A few weeks ago, Brian and I acquired a new furry feline friend. He came with the unfortunate name of “Cronic” (their spelling, not mine….) and was soon rechristened as Chaucer. Fortunately, he is too stupid to know his name and so the change does not seem to have upset him very much.
At first glance, having a pet doesn’t seem to fit our low-cost big-hack lifestyle. Pets can be expensive! Vet visits, food, litter… these things can add up. But they don’t have to.
When getting a pet, adoption fees or purchasing costs are often your biggest initial expense. If you buy from a breeder or pet store, your cost soars into the hundreds. The local SPCA charges $75 and up for a cat and $150 and up for a dog, , depending on the age. So already, you can save money by “adopting” from the SPCA. The good thing about adopting from animal shelters is that their animals will come spayed/neutered and vaccinated.
But if you want to save even more money, consider finding a a furry friend from Craigslist. If you avoid the amateur breeders, there are lots of people who are simply looking for new homes for their pets. Most of these animals are spayed/neutered and many will be already vaccinated. Of course, you won’t get the pick of the litter, but it’s not uncommon for adult cats to be free and kittens to be free or cheap.
We adopted Chaucer for free from a family in Delta, a city close to Vancouver. He’s a mellow tabby mix of some sort and 7 years old. He had already been neutered and had received regular vet visits. (His family was also giving away a 3 year old female cat, but we decided we liked the old guy better).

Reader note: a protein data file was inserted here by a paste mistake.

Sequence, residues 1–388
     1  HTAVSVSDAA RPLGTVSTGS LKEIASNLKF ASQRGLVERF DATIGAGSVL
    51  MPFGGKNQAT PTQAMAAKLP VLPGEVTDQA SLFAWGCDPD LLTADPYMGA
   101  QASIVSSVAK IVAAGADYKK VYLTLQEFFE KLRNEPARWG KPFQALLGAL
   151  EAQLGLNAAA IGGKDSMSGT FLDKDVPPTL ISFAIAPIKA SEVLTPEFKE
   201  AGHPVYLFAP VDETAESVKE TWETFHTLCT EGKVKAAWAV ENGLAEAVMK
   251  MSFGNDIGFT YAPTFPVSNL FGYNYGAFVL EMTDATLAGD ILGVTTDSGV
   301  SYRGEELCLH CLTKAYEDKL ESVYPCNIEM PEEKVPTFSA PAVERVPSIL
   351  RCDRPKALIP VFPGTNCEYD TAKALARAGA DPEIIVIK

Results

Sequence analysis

Next up, you need to consider pet supplies. These are usually one time expenses as well, and can include things like litter boxes, pet beds, or leashes. Now assuming your are not planning on giving your pet a life of luxury, these items don’t have to cost a lot of money. Simple food bowls, beds, and accessories can usually be found in the pet section of discount stores like Walmart or Superstore. But Brian and I try not to add to consumer waste if we don’t have to. Again, Craigslist was our friend and we picked up a litter box and a carrier second-hand for less than $20 in total. For a bed, I bundled up an old fleece blanket and placed it on Chaucer’s favourite perch. My personal opinion is that pets don’t need beds unless you have absolute no soft surfaces for your pet to sleep on, but if you’re feeling handy, try making your own pet bed using scrap or re-purposed fabric.
Finally, we needed to be prepared for regular pet expenses. This includes things like food and litter. Sadly, used litter is not an option so the best option I have found it to simply stock up when litter and food go on sale. As well, the manufacturer’s site often features coupons which you can combine with sales in store. We spend about $10-15 per month on food and litter.
So having a pet doesn’t have to be a huge drain on your budget. Of course, if you had a dog, it would probably be more money, since most dogs eat more food than cats do. As well, there should be money set aside for semi-regular vet visits and potential emergencies. But for a start up cost of about $20 and a recurring monthly cost of $15 or less, our apartment now has the privilege of being covered in cat hair. And it’s all worth it… right?
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